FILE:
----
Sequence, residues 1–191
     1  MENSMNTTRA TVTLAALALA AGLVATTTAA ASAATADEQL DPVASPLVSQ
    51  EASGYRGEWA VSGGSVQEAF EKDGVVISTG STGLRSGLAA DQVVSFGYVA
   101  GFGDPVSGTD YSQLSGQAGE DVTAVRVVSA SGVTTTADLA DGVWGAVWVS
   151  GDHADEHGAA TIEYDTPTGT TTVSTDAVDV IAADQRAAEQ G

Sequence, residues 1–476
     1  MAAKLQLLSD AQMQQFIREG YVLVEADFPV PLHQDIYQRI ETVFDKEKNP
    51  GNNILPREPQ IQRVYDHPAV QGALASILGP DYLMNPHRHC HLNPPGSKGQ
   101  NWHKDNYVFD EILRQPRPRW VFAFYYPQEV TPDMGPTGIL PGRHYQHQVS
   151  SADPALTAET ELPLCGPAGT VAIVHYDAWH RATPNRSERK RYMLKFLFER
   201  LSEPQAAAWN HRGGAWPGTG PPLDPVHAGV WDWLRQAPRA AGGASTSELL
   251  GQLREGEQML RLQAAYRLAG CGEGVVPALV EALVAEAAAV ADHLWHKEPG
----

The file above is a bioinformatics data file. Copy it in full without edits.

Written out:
Sequence, residues 1–191
     1  MENSMNTTRA TVTLAALALA AGLVATTTAA ASAATADEQL DPVASPLVSQ
    51  EASGYRGEWA VSGGSVQEAF EKDGVVISTG STGLRSGLAA DQVVSFGYVA
   101  GFGDPVSGTD YSQLSGQAGE DVTAVRVVSA SGVTTTADLA DGVWGAVWVS
   151  GDHADEHGAA TIEYDTPTGT TTVSTDAVDV IAADQRAAEQ G

Sequence, residues 1–476
     1  MAAKLQLLSD AQMQQFIREG YVLVEADFPV PLHQDIYQRI ETVFDKEKNP
    51  GNNILPREPQ IQRVYDHPAV QGALASILGP DYLMNPHRHC HLNPPGSKGQ
   101  NWHKDNYVFD EILRQPRPRW VFAFYYPQEV TPDMGPTGIL PGRHYQHQVS
   151  SADPALTAET ELPLCGPAGT VAIVHYDAWH RATPNRSERK RYMLKFLFER
   201  LSEPQAAAWN HRGGAWPGTG PPLDPVHAGV WDWLRQAPRA AGGASTSELL
   251  GQLREGEQML RLQAAYRLAG CGEGVVPALV EALVAEAAAV ADHLWHKEPG